I poured some dry packet mix into a mixing bowl on Sunday afternoon.
I added an egg and 40 grams of melted butter to the bowl, stirring it together with my wooden spoon watching it all combine together.
I scooped up little balls of this moist brown mixture, placing it carefully onto my baking tray 2cm apart. As I began to divvy up the remaining mixture among the 15 balls on my tray, my hands were beginning to feel sticky.
I had no temptation to lick any of the residual mixture that was stuck to my hands. I wasn’t even tempted to grab a small spoon from the kitchen drawer and devour all of the residual mixture stuck to the sides of the bowl.
As I opened the door to check on my creation that was baking away in the oven, there was absolutely no sweet aroma wafting its way towards my nostrils.
I kept poking and prodding at my browning vanilla almond biscuits, thinking that they felt far too soft for biscuits. After pulling them out of the oven and letting them cool for 15 minutes, they were still yet to harden despite having exceeded the cooking time. After putting them back into the oven for another ten minutes, I felt that I was at risk of burning them and switched it off.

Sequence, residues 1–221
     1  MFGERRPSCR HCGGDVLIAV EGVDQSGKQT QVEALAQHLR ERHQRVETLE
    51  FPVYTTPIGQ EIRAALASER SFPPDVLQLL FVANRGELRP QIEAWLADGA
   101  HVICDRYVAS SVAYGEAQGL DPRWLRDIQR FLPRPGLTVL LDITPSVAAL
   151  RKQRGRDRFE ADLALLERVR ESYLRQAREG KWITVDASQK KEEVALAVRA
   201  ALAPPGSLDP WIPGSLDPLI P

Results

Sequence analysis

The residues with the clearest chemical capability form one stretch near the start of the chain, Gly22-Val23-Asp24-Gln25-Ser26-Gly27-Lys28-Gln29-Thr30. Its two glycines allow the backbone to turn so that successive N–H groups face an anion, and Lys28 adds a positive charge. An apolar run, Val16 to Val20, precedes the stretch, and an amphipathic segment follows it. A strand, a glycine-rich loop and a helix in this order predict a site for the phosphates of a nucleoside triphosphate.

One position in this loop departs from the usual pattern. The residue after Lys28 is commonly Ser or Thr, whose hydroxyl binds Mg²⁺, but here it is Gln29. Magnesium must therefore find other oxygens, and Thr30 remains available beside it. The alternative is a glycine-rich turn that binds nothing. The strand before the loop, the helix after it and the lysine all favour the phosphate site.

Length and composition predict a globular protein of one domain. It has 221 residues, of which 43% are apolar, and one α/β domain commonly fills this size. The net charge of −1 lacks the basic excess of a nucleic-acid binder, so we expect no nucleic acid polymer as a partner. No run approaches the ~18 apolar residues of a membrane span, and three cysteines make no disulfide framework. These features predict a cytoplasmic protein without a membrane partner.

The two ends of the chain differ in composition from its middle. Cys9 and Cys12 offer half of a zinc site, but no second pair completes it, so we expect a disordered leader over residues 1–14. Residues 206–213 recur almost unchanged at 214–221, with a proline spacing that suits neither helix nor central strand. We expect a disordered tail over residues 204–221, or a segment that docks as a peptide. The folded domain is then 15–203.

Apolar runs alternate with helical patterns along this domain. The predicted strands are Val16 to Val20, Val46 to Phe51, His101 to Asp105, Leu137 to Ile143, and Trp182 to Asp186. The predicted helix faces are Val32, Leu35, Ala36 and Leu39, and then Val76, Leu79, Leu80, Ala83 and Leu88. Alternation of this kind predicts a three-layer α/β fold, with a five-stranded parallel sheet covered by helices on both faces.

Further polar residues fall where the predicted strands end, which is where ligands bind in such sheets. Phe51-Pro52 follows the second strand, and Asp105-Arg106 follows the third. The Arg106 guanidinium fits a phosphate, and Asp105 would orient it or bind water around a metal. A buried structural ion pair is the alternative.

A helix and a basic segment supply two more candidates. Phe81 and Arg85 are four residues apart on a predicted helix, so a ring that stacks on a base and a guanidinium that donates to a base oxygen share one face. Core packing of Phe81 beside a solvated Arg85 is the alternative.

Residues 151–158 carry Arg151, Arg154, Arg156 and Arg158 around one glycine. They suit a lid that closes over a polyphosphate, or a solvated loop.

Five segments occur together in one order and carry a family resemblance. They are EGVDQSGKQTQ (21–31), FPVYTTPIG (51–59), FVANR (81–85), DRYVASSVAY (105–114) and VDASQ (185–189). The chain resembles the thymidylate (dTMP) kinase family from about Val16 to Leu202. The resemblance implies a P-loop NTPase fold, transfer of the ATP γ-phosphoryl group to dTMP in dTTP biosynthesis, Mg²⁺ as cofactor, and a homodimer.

As I later placed my cooled biscuits-that-didn’t-feel-like-biscuits into an airtight container, I was not even inclined to break one of these biscuits in half to taste. I sealed the lid and placed the container into my bag for the following day.
When I arrived at Monday evening’s meeting with my fellow Young Adult Diabetes Committee members, I placed the container of biscuits on the table. Despite watching my peers eat these biscuits and tell me that they were good, I didn’t really want one. Even knowing that the 1g carb count per biscuit would have minimal impact on my blood sugar couldn’t tempt me.
These vanilla almond biscuits that I had spent my Sunday afternoon baking were sugar free, sweetened with what I believed to be Stevia.
If this kind of baking is what you choose to do in managing your diabetes, then I completely support and respect you for doing so.
But if I am being absolutely honest, for me personally, low carb baking does not come anywhere close to the real deal.
I would much rather have those sweet smells wafting through my kitchen, lick my fingers clean, scoop residual doughy mixture from the side of my bowl, break a hot cookie in half, have the real taste of sugar on my tongue, swag bolus some insulin through it all and correct a high blood sugar afterwards.